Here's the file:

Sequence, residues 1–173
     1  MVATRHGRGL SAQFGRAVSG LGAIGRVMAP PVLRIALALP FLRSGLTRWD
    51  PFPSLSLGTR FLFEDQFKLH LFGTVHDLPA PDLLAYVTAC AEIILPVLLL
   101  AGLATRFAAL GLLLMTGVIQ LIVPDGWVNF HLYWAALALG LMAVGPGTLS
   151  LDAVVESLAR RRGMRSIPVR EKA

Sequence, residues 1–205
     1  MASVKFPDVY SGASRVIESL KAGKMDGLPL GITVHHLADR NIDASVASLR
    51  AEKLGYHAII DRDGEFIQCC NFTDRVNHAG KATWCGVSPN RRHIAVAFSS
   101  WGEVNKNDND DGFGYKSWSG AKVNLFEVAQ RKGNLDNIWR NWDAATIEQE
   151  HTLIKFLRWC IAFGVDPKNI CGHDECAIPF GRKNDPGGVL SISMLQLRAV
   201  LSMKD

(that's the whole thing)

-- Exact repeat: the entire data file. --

Sequence, residues 1–173
     1  MVATRHGRGL SAQFGRAVSG LGAIGRVMAP PVLRIALALP FLRSGLTRWD
    51  PFPSLSLGTR FLFEDQFKLH LFGTVHDLPA PDLLAYVTAC AEIILPVLLL
   101  AGLATRFAAL GLLLMTGVIQ LIVPDGWVNF HLYWAALALG LMAVGPGTLS
   151  LDAVVESLAR RRGMRSIPVR EKA

Sequence, residues 1–205
     1  MASVKFPDVY SGASRVIESL KAGKMDGLPL GITVHHLADR NIDASVASLR
    51  AEKLGYHAII DRDGEFIQCC NFTDRVNHAG KATWCGVSPN RRHIAVAFSS
   101  WGEVNKNDND DGFGYKSWSG AKVNLFEVAQ RKGNLDNIWR NWDAATIEQE
   151  HTLIKFLRWC IAFGVDPKNI CGHDECAIPF GRKNDPGGVL SISMLQLRAV
   201  LSMKD